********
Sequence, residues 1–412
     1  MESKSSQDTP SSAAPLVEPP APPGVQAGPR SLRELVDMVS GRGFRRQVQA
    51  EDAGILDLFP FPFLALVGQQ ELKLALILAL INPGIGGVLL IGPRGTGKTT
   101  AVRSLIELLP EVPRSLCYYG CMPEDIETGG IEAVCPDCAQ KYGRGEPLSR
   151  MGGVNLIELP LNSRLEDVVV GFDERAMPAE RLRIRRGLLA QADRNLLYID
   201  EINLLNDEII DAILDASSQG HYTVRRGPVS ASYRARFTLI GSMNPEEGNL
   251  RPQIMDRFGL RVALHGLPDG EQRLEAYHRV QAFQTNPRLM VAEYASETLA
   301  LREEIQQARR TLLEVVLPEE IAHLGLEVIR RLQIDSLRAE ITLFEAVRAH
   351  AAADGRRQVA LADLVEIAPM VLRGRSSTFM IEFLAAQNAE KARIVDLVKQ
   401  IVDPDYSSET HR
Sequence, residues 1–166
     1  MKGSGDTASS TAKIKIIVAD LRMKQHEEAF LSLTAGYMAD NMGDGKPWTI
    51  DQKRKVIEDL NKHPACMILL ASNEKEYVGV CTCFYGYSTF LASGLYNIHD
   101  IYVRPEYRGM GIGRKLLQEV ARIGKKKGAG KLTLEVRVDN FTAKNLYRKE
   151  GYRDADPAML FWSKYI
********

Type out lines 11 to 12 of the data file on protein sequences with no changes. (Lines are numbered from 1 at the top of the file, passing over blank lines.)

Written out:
Sequence, residues 1–166
     1  MKGSGDTASS TAKIKIIVAD LRMKQHEEAF LSLTAGYMAD NMGDGKPWTI